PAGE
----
Minutes ago, I just posted a response to a young filmmaker on one of the LinkedIn film groups who was showing off his video for a brake repair company and wanted praise for his work. He made what I call one of the biggest “sins” for a commercial video. He had the client be the spokesperson The delivery was bland, stuttering, and ran on for two minutes with no relative content. If you are going to produce a professional video for your company or product you should hire professionals. Keep it short, fast and have a “call to action”. I have done two of these videos in the past couple of years where the client insists on delivering the message and they are terrible. I keep them and show them to potential clients, which easily convinces them to get professional talent.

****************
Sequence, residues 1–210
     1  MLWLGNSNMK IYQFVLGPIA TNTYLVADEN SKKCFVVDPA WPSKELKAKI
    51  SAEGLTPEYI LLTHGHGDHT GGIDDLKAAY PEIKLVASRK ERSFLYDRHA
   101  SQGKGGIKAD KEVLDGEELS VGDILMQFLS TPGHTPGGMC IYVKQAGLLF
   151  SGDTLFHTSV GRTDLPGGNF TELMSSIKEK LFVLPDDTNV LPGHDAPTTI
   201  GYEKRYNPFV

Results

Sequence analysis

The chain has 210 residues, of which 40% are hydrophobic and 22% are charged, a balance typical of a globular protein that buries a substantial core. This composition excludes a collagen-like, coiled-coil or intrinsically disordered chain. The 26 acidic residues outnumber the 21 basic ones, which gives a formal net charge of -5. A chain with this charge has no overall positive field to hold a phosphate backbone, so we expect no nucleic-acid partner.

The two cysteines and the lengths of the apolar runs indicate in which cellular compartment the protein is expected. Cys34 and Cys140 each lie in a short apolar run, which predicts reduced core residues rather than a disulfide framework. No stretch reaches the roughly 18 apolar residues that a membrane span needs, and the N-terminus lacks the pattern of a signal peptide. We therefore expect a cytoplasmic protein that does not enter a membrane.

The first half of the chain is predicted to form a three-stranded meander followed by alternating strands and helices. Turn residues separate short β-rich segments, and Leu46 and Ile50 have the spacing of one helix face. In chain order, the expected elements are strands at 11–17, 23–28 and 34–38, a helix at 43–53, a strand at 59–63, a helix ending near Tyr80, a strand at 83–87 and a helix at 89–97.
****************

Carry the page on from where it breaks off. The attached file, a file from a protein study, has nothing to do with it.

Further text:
Your always going to get an argument from people when their ego or pocketbook gets in the way of a professional presentation. I just avoid them, as producer, I cannot afford to produce a bad product and a unhappy client.

    Good article!